Shrugging off slow first quarter growth in the US economy, the Federal Reserve increased its policy interest rate earlier this month, and intends to do more. Not long after, minutes of a meeting of the Bank of England’s Monetary Policy Committee surprised markets by revealing that three of its eight members now look to increasing the UK policy rate – despite political turbulence, uncertainty over Brexit, modest output growth and low inflation. Around the same time, a Deputy Governor of the Bank of Canada, Carolyn Wilkins, hinted at a tightening there much sooner than the market was expecting. Last week the Reserve Bank of New Zealand left its policy rate unchanged, but markets look for the next move to be up.
Where does this leave the Reserve Bank of Australia? My guess is that it is already thinking about a program of rate increases that will continue for several years.
As the RBA has been arguing for some months, global growth is picking up. Output in the US, the Euro area and the UK all grew by 2% in the year to the March quarter. China’s output expanded by 6.9% over the same period, and East Asia generally was firmer. Output in Japan increased 1.3% - pretty good for an economy in which the workforce is actually shrinking. These outcomes are certainly not hectic but they are more consistent across the global economy than we have seen in most of the years since the 2008 financial crisis.
While output growth has been strengthening, so too has international trade and global industrial production, important indicators discussed at the RBA board meeting earlier this month. And while headline inflation around the world has been dented by the renewed fall in oil prices, the RBA discerns (and welcomes) upward pressure on underlying inflation in major economies.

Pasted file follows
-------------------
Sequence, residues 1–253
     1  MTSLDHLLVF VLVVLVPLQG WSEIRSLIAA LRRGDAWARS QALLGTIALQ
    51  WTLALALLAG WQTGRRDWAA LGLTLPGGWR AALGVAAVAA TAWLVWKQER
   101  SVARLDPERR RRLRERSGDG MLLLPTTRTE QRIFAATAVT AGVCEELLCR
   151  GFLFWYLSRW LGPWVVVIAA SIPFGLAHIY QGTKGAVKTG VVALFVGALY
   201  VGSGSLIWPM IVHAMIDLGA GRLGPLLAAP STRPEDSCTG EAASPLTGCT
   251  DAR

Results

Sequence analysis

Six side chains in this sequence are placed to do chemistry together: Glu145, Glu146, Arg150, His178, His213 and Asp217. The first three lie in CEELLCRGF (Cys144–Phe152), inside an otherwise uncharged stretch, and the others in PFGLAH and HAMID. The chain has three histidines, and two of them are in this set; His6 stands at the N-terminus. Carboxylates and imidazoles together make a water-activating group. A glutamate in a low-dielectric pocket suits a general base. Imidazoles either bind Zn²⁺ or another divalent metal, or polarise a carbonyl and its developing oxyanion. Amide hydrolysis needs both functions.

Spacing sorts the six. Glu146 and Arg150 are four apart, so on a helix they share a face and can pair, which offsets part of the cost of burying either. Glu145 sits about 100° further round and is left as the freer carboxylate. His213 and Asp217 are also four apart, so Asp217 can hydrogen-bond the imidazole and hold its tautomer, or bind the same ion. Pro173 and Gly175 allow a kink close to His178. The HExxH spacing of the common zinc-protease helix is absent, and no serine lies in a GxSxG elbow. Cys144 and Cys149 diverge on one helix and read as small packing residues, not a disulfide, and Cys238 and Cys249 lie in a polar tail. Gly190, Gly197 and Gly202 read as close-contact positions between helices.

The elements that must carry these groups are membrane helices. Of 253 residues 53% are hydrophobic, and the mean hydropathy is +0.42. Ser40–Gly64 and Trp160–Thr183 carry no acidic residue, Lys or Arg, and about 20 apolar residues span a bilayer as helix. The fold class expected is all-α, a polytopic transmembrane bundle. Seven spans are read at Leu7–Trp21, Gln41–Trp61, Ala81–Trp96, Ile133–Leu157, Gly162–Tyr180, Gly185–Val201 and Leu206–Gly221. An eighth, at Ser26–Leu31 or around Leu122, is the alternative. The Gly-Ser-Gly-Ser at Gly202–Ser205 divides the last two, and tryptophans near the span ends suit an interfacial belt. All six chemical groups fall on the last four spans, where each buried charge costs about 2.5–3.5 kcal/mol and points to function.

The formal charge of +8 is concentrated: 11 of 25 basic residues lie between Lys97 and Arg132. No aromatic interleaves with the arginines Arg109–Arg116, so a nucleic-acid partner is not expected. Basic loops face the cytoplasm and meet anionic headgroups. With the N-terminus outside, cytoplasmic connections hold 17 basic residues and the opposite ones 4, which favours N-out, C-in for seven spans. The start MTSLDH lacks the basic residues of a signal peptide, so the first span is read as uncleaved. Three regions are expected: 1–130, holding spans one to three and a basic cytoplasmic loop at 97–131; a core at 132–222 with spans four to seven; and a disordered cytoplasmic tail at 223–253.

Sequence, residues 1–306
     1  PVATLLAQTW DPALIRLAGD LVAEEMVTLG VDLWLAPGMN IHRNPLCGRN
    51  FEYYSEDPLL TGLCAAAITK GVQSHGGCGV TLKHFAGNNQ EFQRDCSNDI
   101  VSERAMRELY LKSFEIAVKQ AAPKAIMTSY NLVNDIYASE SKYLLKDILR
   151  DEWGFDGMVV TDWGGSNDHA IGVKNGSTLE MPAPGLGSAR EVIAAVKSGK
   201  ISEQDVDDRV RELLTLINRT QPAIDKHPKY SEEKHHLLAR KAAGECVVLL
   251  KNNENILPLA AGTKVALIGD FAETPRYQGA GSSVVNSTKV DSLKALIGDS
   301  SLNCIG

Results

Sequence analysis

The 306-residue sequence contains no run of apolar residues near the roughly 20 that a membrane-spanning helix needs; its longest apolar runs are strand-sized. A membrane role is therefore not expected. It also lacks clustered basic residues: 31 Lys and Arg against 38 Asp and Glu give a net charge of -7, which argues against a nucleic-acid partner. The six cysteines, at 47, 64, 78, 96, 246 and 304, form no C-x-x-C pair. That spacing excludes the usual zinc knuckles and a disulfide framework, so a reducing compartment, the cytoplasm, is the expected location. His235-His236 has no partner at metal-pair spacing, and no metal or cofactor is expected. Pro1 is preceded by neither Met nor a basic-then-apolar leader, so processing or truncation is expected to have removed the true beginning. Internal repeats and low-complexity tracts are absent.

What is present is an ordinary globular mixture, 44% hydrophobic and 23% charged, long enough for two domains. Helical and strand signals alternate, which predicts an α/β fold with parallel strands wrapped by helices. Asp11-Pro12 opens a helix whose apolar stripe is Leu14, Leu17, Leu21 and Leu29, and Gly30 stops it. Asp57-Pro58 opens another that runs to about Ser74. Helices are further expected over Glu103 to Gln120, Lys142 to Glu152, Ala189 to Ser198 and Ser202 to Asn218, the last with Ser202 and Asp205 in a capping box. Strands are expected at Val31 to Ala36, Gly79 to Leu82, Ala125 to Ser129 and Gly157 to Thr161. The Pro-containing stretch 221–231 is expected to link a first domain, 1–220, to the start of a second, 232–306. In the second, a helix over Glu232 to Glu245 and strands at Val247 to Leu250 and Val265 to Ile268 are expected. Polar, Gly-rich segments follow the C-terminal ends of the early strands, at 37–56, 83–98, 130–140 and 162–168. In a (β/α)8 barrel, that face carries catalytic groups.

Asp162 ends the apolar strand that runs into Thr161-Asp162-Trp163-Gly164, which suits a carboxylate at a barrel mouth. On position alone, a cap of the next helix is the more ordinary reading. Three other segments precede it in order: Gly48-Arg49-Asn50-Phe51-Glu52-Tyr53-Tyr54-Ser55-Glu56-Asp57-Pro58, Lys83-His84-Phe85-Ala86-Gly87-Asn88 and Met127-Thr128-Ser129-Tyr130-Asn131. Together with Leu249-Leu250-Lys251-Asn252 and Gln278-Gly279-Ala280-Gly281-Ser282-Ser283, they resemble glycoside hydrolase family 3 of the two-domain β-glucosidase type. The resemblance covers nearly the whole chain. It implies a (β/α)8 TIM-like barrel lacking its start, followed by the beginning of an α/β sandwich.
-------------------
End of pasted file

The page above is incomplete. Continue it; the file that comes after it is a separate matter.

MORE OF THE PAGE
Thus the growing trend to higher interest rates, which in most advanced economies are still unprecedentedly low. As the impact of the 2008 crisis fades, so does the rationale for super low central bank policy rates.
Earlier this month the RBA left unchanged its 1.5% policy rate – the lowest ever.
In principle the RBA does not need to be bothered by what other central banks do. After all, Australia’s floating exchange rate is said to give the RBA the independence to make interest rate decisions appropriate for Australia, without regard for other central banks. It has an inflation target to guide its policy, and right now inflation is well under target.
Mind the gap
In a world of rising interest rates, however, those are not the only considerations around the RBA board table. The Bank will also be bothered if there is a widening gap between its policy rate, and Australian market rates.
So far, that is not evident for short term loans or standard owner occupied housing loans. Rates on investment lending for housing have sharply increased, but that suits the RBA and has been encouraged by the Prudential Regulation Authority (APRA).
Influenced by the global rise in yields, the interest rate on 10-year Australian government bonds has increased 66 basis points since August of last year, the month the RBA took the overnight rate down to 1.5%. Even so, the spread between the bond yield and the policy rate is now only a little higher than average over the last 20 years.
At the same time the gap between US and Australian market rates has been narrowing. Australian government yields are usually well over US government yields. That spread is now down to around 30 basis points, about one fifth of the average spread over the last 20 years.